So be on your best behaviour, all you other governments in Latin America and Canada, or he might come for you too. But is he actually planning to invade Venezuela, a fairly well-armed country of 30 million people?

Trump has already given President Nicolas Maduro’s beleaguered regime a propaganda gift by strengthening its argument that its opponents are all traitors and American spies. Does he realise that an American invasion of Venezuela would trigger both a bloody civil war and a prolonged anti-American resistance movement?

Probably not. He knows that Venezuela is a superpower in the “Miss Universe” universe, but he will not have read the full briefing paper unless they remembered to put his name in every paragraph (and he may have caught onto that trick by now).

It would be nice if this threat about Venezuela were evidence that Trump knows he is in over his head with North Korea and is looking for a face-saving way out, but it’s not likely to be true. It’s much more likely to be just another example to his scattershot approach to dealing with a problem: create as many other problems as possible, and the pressure will come off.

Ronald Reagan knew he had walked into a hornet’s nest in Lebanon, and just needed
to create a diversion while he found a way of getting American troops out of the Middle East. It’s not clear that Trump even understands that he is in deep trouble, and that he is at risk of starting a nuclear war in order to prevent one.

Stream-of-consciousness decision-making is unfailingly interesting, if you are using “interesting” in the sense of the faux-Chinese curse: “May you live in interesting times.” But in real life, that’s the last place you want to live.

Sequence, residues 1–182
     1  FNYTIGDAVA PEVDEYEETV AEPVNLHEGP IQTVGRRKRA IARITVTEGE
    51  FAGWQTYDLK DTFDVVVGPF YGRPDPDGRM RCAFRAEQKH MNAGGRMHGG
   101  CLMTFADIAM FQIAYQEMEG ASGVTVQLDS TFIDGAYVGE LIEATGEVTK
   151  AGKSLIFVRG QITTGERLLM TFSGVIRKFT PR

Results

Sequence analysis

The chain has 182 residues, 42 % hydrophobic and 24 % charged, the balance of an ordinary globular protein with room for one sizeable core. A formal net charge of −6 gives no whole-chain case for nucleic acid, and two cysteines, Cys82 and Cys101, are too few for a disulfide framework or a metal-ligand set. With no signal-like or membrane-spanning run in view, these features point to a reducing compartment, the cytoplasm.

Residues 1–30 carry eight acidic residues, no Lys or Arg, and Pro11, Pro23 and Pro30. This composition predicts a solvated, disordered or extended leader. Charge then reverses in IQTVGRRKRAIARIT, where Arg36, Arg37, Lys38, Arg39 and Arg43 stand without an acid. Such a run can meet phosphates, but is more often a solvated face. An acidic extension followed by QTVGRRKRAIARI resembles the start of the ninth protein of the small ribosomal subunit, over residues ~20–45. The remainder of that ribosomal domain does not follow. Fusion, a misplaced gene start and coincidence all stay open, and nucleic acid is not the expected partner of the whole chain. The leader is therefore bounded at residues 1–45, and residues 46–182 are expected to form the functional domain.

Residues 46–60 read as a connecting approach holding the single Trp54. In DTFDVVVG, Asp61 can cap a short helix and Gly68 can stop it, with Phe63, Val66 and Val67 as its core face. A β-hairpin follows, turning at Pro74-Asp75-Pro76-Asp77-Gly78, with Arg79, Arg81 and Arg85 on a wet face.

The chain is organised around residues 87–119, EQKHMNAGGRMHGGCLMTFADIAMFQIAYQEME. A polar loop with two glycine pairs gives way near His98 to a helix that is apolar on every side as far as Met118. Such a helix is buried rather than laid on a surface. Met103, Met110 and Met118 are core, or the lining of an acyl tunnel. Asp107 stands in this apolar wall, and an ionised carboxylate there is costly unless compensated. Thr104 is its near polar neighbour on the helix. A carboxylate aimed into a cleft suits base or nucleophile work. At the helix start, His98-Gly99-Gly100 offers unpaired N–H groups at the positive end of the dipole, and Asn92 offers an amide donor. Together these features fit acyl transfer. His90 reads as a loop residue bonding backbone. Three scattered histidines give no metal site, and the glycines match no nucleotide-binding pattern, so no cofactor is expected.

To shorten to 725 words, omit paragraphs 9 and 10. (“He then…people”)

Israel Takes Sides

7 May 2013

Israel Takes Sides

By Gwynne Dyer

After making two major air strikes in and near Damascus in three days, Israel informed the Assad regime on Monday that it is not taking sides in the Syrian civil war. But of course it is.

The Syrian government promptly claimed that these Israeli attacks proved what it had been saying all along: that the “armed terrorist groups” that are trying to overthrow Bashar al-Assad’s regime (i.e. the anti-regime fighters of the Free Syrian Army) are really the tools of a demonic alliance between Israel, the United States, conservative Arab states like Saudi Arabia and Qatar, and the Sunni Islamist fanatics of al-Qaeda.

That is just as ridiculous as it sounds, but there were always a few little bits of truth in the Syrian regime’s story, and they are gradually getting bigger. It’s true that the Free Syrian Army is getting money and weapons from Saudi Arabia and Qatar, and that the United States supports it diplomatically. So do almost all other NATO members

It’s true that the al-Nusra brigades, the most effective fighting force in the Free Syrian Army, are made up of Islamist extremists whose leaders claim to have ties with al-Qaeda – and that this has not stopped the Arab Gulf states and the United States from supporting the FSA.

And it’s true that Israel is now attacking military targets on Syrian territory. It insists that those targets are actually advanced missiles and anti-aircraft weapons that Syria is planning to deliver to the Hezbollah militia in Lebanon, and that may also be true. Hezbollah fought the Israeli army to a standstill in southern Lebanon in 2006, and Israel is anxious about what it could accomplish with better weapons.

But even if Israel’s main worry is that advanced weapons would reach Hezbollah, the air strikes took place on Syrian territory, and the Syrian regime claims that 42 officers and soldiers of its army were killed in them. At the very least, Israel no longer feels that preserving the hostile but stable relations that prevailed for so long between Tel Aviv and Damascus is a high priority.